If life were a movie, we’d have an epidemic of love-struck men bursting through chapel doors and objecting at weddings. But is that a real thing? Why do we even bother asking for objections? And what would actually happen if someone objected at your wedding?
Let’s take a walk down the aisle of history.
“Historically, much of the wedding ceremony we think of as shown in American pop culture is descended from the Book of Common Prayer, dated 1662, from the Church of England,” humanist celebrant Beth Stokes explains. “At that time, the legal and religious aspects of a marriage were one and the same, and ensuring the legality of a marriage was the responsibility of the Church: Couples were required to post notices in their parishes for weeks in advance to let people know they intended to be married and to allow anyone who had legal reason to object prior to the religious ceremony. During the ceremony itself, the religious leader would ask one final time if anyone had legal objections to the marriage about to be solemnized.”
As a quick aside, marriage celebrant Jennifer Cram says the notion of objecting to a wedding has been around in a less formal sense for much longer. As she explains in a blog post, “It all goes back to two things — concern about marrying close relatives and the notion of consent. While today, in most places it is legal to marry your first cousin, way back in mediaeval times, marrying even a 6th cousin was forbidden. As you can imagine, who your 6th, 5th or even 4th cousin might be may not be common knowledge. At the time, marriage by consent (two people binding themselves to one another in marriage in secret, without witnesses) was recognized as a valid marriage (that is, legal), though it wasn’t allowed by the church.”
Back then, too, marriage registers were virtually non-existent, and who was related to who was a matter of personal knowledge, so if Brom knew that you were marrying your cousin, Rowan, he could loosely object.
Anyway, the more concrete idea of objections that we see in the Book of Common Prayer, which specifically maintains that marriage is meant for procreation, as a remedy against sin — i.e., premarital sex — and for the benefit of all parties involved. If anyone in the audience viewed the marriage as anything beyond these purposes, they were given the opportunity to object after the now-famous line was read from the book: “Therefore if any man can show any just cause, why they may not lawfully be joined together, let him now speak, or else hereafter forever hold his peace.”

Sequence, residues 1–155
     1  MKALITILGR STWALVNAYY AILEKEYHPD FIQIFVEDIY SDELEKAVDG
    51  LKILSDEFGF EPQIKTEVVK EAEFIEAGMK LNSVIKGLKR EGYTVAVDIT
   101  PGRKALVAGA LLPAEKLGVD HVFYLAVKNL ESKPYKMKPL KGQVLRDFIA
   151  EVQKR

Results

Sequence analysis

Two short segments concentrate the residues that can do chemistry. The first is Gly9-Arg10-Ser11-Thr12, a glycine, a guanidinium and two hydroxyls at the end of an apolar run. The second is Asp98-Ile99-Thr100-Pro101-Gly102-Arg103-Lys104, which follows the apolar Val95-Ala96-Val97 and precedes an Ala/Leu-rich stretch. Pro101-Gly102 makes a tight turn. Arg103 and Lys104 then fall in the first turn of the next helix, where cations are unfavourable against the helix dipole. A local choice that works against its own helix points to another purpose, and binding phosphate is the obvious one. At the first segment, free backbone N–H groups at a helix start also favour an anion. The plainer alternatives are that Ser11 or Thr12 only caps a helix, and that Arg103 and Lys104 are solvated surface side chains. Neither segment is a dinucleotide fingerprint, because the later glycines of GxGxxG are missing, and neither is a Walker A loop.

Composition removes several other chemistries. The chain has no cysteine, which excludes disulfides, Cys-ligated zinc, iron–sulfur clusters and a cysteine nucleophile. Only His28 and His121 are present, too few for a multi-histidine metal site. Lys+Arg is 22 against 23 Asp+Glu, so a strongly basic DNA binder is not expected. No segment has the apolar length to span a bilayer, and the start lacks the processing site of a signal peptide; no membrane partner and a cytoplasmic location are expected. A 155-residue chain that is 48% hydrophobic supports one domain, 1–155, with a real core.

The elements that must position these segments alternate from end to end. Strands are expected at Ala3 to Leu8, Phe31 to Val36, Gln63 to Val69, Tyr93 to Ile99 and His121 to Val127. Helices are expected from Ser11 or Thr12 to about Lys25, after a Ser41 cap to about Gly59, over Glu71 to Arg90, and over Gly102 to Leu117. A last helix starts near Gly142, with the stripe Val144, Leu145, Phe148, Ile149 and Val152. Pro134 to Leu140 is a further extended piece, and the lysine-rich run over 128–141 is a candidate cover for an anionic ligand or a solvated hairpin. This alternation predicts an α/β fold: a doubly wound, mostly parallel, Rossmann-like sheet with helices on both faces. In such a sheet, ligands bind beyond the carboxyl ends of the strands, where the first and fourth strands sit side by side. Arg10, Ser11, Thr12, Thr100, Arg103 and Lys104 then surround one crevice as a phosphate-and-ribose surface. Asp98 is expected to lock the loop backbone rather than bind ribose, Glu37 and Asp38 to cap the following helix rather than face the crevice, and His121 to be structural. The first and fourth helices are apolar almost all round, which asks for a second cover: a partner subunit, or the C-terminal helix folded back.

As wedding authority Father Jason Lody explains, “People get married for many reasons, and sometimes the reason may not be rooted in love or mutual consent.” This became especially prevalent once laws were put in place that transferred wealth and land ownership after a wedding, and the popularity of asking for objections subsequently grew.
But as religion and weddings continue to separate from one another, and marriage laws have become more reasonable, the line has largely lost its meaning. “These days, I don’t know any non-religious celebrants or officiants who pose this question seriously, for a few reasons,” Stokes says. “First, our bookkeeping methods in 2020 are better than they were in 1662, and when couples apply for a marriage license, the paperwork they fill out allows city clerks to validate whether the couple is married to someone else or if there are other legal reasons prohibiting the marriage. Therefore, a celebrant or officiant doesn’t have to carry out this role. Second, the marrying couple doesn’t need anyone else’s consent to marry, and asking this question sets up needless drama for pointless return. Even if someone did object, it would be on personal or emotional grounds, rather than legal.”
As just one example of how marriage laws have changed, in the 1700s and 1800s, women were regarded as the property of their husbands, so there was a lot at stake when getting married. In at least most Western democratic countries these days, women now have their own legal and economic status within a marriage. We still have a ways to go when it comes to marriage law, but generally speaking, marriages are looser than they once were and have less need for people stepping in to stop any potential foul play.
In fact, Alan Katz, presiding officiant of Great Officiants, says, “As a professional officiant for over 15 years of doing over 1,500 weddings a year, I’ve never heard anybody object to one, other than in jest.”
Likewise, Stokes says, “I’ve never heard of it, though you’ll see it in pop culture for dramatic effect. It may happen in cultures or locations where there’s no legal vetting of the couple’s ability to marry before the ceremony itself. Other than that, the celebrant or officiant does have the responsibility to refuse to perform the wedding if the couple doesn’t produce the required paperwork before the ceremony.”
But theoretically speaking, what would happen if someone burst through the doors and objected at your wedding?
“That’s sort of up to the couple,” Stokes says. “If I were officiating a wedding and someone objected to it, even if I hadn’t asked the question, I’d start by treating it as a light joke and announce that despite their objections, this ceremony is continuing. If they continued to make a fuss, I’d quickly and quietly check with the couple if this is something we need to pause the ceremony for compassionately (the chance that someone is struggling with mental health issues comes to mind), or else we can identify someone (a best man, a coordinator or other calming person) to escort the person from the ceremony so we can continue in peace. With most things that go off-script during a ceremony, it usually makes for a good story in retrospect and is only a momentary hiccup during the ceremony itself.”
I guess we’re all better off forever holding our peace, then.